What does human music sound like? That’s one of my favorite songs in the show, and it’s such a great gag, but I don’t know. Where do you start with that? How do you even begin? What did Justin say?
ELDER: Yeah, that’s a good question. Same question I had. I called up Justin, I said, “What are you hearing in your head for the Human Music part?” And he’s like, “Oh, it should be just really, really, really simple,” because the joke is that they’re on low power simulation, so the music has to be as simple and dumb as possible, and he’s just saying over the phone, he’s like, “It should just be dun, dun, dun. Dun, dun, dun,” and I said, “Hold on, let me call you back and record that,” and I’d literally just did exactly what he sang to me on the dumbest, cheesiest synthesizer sound I could find.
That’s funny. Does Justin write music on his own, is he a musician? It sounds like he’s pretty intimately involved in the creation of all of these songs.
ELDER: Yeah, he’s definitely a musician. He was in bands and stuff growing up, and he was a lead singer in a couple bands. He definitely gets songwriting and being in a music-writing situation. He wrote “Terryfold,” that song with Chaos Chaos that was in Season 3. He wrote all the lyrics and everything for that. They had this instrumental and he improvised lyrics and stuff over it, and then they added the background vocals to match him. He definitely has a very good sensibility for music. Which makes him really great and fun to work with from my point of view.
Yeah, it sounds like it’s the perfect collaboration for a composer, for a show like this.
ELDER: Totally, totally.
So you have songs like “Goodbye Moonmen,” which are full fledged songs, but then you hear these tiny snippets of songs, like “I’ve Got a Doo Doo in My Butt.” Do you know when it’s gonna be a full song? Are there a bunch of extended versions of songs that exist somewhere, because there’s these little ditties everywhere.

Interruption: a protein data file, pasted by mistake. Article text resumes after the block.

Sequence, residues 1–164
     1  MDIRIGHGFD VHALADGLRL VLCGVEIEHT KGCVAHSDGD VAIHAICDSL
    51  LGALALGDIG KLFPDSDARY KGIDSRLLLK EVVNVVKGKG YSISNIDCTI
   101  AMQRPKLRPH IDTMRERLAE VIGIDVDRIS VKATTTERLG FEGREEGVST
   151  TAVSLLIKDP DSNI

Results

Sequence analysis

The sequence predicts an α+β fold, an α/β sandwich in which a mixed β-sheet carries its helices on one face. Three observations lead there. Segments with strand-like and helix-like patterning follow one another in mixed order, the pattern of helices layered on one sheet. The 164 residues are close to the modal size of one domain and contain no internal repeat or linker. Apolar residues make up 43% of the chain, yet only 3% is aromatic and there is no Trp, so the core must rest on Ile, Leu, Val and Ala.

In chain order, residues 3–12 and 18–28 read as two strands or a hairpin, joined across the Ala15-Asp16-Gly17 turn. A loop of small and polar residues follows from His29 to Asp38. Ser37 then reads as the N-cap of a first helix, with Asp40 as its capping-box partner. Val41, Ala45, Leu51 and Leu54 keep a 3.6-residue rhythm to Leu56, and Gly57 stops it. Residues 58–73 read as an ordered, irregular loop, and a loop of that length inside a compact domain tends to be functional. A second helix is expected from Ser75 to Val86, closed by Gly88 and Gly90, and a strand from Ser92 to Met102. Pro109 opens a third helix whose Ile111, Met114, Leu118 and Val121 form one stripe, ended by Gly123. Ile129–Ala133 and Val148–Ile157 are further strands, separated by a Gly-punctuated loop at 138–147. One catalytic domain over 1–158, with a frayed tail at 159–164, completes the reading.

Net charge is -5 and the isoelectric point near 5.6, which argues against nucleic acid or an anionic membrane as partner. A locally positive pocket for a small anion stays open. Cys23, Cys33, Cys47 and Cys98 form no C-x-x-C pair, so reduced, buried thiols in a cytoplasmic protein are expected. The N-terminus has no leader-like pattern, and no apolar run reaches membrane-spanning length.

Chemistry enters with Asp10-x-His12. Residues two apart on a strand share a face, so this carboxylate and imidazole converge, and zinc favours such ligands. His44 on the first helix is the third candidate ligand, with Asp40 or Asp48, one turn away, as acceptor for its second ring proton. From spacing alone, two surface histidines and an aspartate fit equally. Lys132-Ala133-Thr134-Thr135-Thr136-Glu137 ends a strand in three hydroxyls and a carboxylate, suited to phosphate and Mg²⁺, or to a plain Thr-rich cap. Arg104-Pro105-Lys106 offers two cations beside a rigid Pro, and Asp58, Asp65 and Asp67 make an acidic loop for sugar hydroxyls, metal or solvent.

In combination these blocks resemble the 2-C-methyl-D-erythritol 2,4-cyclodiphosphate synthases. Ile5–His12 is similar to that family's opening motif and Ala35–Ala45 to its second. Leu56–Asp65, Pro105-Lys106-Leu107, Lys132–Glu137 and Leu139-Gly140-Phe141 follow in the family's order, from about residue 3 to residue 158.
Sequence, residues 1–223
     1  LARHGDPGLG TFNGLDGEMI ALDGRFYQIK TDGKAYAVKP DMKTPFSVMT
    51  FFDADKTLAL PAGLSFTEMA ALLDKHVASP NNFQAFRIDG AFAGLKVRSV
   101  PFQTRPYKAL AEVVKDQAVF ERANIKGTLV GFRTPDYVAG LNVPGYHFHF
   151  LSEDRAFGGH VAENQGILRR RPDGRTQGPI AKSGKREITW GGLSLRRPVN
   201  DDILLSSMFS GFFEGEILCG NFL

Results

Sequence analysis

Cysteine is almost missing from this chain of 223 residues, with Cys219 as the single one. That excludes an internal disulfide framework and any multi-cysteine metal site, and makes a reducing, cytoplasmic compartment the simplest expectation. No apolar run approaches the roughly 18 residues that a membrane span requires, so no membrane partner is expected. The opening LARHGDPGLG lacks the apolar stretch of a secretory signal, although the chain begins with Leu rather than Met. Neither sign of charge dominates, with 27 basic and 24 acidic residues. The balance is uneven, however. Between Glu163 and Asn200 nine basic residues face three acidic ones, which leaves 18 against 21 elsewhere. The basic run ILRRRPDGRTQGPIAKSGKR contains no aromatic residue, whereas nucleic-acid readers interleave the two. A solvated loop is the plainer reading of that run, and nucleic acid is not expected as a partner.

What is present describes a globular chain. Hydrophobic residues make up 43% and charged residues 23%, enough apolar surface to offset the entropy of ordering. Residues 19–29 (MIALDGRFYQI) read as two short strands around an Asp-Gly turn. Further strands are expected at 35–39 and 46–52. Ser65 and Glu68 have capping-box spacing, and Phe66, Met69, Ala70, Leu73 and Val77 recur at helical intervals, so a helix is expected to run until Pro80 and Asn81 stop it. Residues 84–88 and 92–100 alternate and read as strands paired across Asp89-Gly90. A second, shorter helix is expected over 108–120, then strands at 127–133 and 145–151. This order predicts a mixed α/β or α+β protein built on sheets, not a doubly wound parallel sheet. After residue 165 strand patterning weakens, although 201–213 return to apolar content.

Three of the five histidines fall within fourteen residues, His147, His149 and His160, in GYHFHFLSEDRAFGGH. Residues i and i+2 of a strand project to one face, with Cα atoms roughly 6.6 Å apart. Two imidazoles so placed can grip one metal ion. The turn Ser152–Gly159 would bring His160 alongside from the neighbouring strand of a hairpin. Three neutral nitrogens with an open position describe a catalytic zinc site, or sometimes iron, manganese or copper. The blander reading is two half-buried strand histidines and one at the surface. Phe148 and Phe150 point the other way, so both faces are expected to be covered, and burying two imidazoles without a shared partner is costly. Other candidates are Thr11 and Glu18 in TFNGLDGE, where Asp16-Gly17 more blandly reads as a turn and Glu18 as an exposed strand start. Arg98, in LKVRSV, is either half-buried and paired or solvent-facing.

ELDER: Yeah, well so there are several extended versions of songs on this upcoming soundtrack release, which is being put out by Sub Pop, and Doo Doo Butt or “Fathers and Daughters” I believe it’s called is one of the songs that’s gonna be on there in its full glory.
ELDER: That song is so funny. The story behind that. So, they knew they wanted a touching father-daughter Cat Stevens-y Harry Nelson kind of a folky vibe there, right? But they didn’t have any lyrics for me yet because this was very last minute. I think I wrote this the week before we mixed it. It was really close to being done. So close to being done that when I sent it to Dan to do vocals for it, it was like the night before we were gonna be done, and he was supposed to be doing something else I think and he just powered through those lyrics as quickly as possible, and I had put a scratch track of vocals on there for him to be inspired by, and I just sang, “Doo Doo Doo, Doo Doo Doo,” just as a whole placeholder. I could have sang any syllable, but he took the doo doo doo and ran with it, and so that’s why that song has a lot of doo doo in it.
That’s definitely one of my favorite songs, and the whole scene opens with Rick singing doo doo on the guitar. It’s kind of layered in there. I have to ask about “Get Schwifty,” which is the most iconic song from the show. What’s the origin for that song, and what was the collaboration process like for that whole episode? Because, it’s so music heavy. You also have to craft music for these other alien worlds.